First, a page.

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HPV Vaccination and Surveillance of Type-Specific HPV in England

The prevalence of human papillomavirus (HPV) vaccine-types and closely related HPV types declined sharply among vaccine-eligible females during 10 years of high-coverage HPV vaccination in England, a study shows. There was no indication of type replacement, the authors report, and they conclude, “These findings should enable confidence in planning for cervical screening of these females, and in predicting declines in HPV-related cancers.”

Between 2010 and 2020, residual vulvovaginal swabs (VVS) were collected from 16- to 24-year-old women by the U.K. National Health Service for chlamydia screening. Testing of 21,168 samples for type-specific HPV DNA showed these trends: “The prevalence of HPV16/18 in sexually active 16–18 year old females who were offered vaccination aged 12–13 years was <1% in the most recent years tested, compared to over 15% prior to the vaccination programme in 2008. The magnitude of these decreases also suggests reduced transmission is offering some herd protection to unvaccinated females. HPV31/33/45 prevalence also steadily decreased, providing evidence of cross-protection. HPV6/11 prevalence remained stable during the bivalent vaccine period, with more recent declines, as expected due to the use of the quadrivalent vaccine. There has been no substantive increase in the prevalence of other high-risk (HR) HPV types.”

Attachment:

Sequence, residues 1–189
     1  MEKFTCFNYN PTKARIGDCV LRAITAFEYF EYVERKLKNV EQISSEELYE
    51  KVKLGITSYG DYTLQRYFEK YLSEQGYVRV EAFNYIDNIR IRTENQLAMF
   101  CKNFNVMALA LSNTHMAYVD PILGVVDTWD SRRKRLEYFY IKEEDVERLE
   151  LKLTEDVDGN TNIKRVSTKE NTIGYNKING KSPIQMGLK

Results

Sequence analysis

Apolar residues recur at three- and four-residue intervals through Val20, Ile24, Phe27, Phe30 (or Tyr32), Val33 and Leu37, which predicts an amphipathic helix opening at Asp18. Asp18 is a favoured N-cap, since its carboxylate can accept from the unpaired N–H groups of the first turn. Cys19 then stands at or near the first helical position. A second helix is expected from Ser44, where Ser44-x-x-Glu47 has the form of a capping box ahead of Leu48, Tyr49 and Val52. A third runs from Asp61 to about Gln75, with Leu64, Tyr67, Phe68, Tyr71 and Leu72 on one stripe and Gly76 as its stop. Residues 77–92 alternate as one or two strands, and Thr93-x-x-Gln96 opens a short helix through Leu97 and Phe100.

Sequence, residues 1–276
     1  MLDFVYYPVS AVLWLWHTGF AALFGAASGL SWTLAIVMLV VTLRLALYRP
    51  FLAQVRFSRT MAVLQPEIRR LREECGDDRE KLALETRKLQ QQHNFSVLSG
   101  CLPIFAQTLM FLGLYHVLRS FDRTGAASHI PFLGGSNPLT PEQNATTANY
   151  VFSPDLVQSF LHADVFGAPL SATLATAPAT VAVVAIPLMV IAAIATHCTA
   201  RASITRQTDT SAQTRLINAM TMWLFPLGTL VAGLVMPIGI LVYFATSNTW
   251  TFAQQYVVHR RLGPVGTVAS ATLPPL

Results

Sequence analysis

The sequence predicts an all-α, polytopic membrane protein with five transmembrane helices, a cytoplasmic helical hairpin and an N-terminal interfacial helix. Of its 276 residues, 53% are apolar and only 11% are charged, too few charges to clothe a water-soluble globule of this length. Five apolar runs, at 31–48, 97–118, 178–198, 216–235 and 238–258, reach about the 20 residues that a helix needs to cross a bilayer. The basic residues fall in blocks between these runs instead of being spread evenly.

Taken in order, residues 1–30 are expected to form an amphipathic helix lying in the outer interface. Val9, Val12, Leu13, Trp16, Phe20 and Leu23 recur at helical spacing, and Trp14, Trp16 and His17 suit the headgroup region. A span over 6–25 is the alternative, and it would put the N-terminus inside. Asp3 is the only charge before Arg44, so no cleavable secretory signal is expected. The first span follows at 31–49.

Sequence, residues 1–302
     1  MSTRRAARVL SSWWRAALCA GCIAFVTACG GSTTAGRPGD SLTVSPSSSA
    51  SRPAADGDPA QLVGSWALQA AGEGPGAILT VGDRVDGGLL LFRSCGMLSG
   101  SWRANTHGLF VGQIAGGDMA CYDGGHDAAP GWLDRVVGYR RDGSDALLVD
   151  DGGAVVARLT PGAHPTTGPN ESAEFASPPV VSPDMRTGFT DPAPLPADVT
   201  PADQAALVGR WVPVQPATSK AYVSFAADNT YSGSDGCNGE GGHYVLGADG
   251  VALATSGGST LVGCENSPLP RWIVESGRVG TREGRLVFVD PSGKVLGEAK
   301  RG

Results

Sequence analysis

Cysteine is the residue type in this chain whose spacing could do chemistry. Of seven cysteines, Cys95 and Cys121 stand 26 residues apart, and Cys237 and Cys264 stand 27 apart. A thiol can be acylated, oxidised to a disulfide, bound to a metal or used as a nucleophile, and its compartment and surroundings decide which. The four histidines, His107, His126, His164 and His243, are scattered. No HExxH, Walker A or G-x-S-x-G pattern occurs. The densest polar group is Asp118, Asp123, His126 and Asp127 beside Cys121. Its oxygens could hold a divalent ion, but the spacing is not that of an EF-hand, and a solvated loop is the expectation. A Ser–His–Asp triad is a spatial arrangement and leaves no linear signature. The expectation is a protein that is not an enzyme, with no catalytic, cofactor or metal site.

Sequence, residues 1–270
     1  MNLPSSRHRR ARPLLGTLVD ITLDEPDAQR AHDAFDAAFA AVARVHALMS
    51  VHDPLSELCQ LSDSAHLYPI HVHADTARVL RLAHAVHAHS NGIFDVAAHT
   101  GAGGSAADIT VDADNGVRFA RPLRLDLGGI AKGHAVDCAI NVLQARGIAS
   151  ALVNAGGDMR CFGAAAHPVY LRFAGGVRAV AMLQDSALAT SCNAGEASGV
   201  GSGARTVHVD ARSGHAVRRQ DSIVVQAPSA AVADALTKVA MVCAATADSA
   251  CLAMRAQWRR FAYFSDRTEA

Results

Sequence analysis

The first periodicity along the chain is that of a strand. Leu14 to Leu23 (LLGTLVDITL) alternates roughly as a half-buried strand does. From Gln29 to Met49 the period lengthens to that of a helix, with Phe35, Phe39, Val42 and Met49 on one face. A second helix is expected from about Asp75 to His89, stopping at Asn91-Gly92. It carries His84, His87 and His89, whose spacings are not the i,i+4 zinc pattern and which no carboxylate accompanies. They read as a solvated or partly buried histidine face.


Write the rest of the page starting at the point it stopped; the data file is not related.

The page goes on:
Source: Vaccine